- Poster presentation
- Open Access
Identification of ciliogenic compounds using pancreatic cancer cells as a screening model
© Khan et al. 2015
- Published: 13 July 2015
- Cancer Cell
- Pancreatic Cancer
- Pancreatic Cancer Cell
Primary cilia regulate intracellular signaling pathways by sensing the extracellular environment. Abnormalities in the structure and/or function of cilia results in deregulation of these pathways leading to clinically significant diseases like cancer. In the present study, we demonstrate the use of cancer cells in the development of a cell culture-based semi-high throughput screening method to identify ciliogenic compounds that may serve as potential anti-cancer agents. Using this method, we have identified compounds that enhance ciliation in pancreatic cancer cells.
A screening platform was developed by culturing cancer cells in a 96-well plates followed by immunostaining for cilia. Quantification of cilia was accomplished by analyzing images captured by INCell Analyzer, an automated machine used for image acquisition. Ciliogenic compounds were identified based on percentage of ciliated cells. The hits were further assessed in cancer cells. Their ability to decrease the proliferation of cancer cells was analyzed by spheroid assay. Western Blots were performed to identify the pathways through which ciliogenesis was induced by these compounds.
26 such compounds were identified which enhanced ciliation in pancreatic cancer cells. Based on their targets, they were classified into 14 different classes. Most of these compounds effectively decreased the rate of proliferation in pancreatic cancer cells. Two of these compounds namely Gefitinib and Rapamycin suppressed the expression levels of transcription factor SREBP1c, which is known to be overexpressed in cancer cells.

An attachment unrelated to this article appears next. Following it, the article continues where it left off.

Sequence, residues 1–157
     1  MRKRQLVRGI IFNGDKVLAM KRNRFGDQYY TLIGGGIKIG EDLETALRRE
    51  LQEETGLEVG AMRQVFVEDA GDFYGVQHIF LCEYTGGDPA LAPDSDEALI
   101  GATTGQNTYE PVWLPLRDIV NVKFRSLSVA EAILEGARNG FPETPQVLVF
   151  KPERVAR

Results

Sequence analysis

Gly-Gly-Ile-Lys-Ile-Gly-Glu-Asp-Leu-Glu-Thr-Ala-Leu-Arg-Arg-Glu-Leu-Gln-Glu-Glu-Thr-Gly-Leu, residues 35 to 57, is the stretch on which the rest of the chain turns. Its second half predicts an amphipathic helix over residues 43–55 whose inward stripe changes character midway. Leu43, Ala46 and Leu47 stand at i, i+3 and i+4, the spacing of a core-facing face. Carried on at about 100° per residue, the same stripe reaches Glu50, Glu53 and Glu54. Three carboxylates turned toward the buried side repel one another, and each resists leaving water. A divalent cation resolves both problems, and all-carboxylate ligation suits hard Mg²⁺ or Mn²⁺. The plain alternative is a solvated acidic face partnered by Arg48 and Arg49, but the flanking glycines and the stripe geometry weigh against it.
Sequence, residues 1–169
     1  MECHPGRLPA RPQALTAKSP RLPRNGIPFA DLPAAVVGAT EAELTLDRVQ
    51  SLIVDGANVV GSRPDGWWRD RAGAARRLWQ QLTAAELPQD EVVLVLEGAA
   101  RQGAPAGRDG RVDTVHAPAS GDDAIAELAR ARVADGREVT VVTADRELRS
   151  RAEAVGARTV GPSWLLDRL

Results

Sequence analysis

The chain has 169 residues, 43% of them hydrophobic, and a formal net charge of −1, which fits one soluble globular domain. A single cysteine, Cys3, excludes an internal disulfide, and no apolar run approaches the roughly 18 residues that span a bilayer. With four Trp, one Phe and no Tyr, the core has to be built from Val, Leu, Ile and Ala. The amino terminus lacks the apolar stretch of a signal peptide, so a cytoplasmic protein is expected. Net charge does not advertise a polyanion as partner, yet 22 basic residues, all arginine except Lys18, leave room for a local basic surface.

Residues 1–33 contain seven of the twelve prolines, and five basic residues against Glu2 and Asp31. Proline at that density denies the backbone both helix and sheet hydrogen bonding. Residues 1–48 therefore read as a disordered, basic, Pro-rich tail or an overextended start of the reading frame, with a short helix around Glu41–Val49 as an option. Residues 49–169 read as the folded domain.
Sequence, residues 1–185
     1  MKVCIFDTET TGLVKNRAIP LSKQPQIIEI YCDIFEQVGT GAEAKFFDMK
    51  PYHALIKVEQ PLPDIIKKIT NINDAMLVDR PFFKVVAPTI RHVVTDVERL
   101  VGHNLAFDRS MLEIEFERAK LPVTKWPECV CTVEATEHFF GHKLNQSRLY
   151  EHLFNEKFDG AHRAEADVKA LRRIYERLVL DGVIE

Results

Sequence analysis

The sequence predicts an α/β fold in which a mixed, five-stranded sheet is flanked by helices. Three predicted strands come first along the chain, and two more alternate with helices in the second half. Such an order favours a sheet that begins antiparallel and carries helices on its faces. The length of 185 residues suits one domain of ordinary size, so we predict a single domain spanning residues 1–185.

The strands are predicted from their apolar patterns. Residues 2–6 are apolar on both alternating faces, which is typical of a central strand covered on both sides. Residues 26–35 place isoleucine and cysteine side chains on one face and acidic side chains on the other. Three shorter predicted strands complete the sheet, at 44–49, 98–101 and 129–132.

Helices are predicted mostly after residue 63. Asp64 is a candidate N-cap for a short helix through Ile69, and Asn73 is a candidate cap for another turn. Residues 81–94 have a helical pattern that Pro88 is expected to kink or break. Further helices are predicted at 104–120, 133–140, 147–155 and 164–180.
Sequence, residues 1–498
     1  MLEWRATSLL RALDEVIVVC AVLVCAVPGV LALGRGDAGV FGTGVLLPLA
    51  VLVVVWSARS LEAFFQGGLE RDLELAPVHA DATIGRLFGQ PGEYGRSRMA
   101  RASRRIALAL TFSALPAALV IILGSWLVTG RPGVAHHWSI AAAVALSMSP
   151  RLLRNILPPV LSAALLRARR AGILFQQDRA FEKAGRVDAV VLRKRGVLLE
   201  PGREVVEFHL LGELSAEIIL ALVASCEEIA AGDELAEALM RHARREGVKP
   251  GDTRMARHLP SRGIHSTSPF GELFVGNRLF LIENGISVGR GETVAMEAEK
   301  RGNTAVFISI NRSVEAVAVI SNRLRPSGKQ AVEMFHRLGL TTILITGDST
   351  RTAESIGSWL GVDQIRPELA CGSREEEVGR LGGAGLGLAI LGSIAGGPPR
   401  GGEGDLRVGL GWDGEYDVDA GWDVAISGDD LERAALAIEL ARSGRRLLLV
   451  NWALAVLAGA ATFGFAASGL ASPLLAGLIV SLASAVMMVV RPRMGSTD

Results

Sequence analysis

Via development of a semi-high throughput screening platform, 26 ciliogenic compounds were identified which may serve as anti-cancer agents by virtue of their ability to induce cilia in cancer cells.
This article is published under license to BioMed Central Ltd. This is an Open Access article distributed under the terms of the Creative Commons Attribution License (http://creativecommons.org/licenses/by/4.0), which permits unrestricted use, distribution, and reproduction in any medium, provided the original work is properly cited. The Creative Commons Public Domain Dedication waiver (http://creativecommons.org/publicdomain/zero/1.0/) applies to the data made available in this article, unless otherwise stated.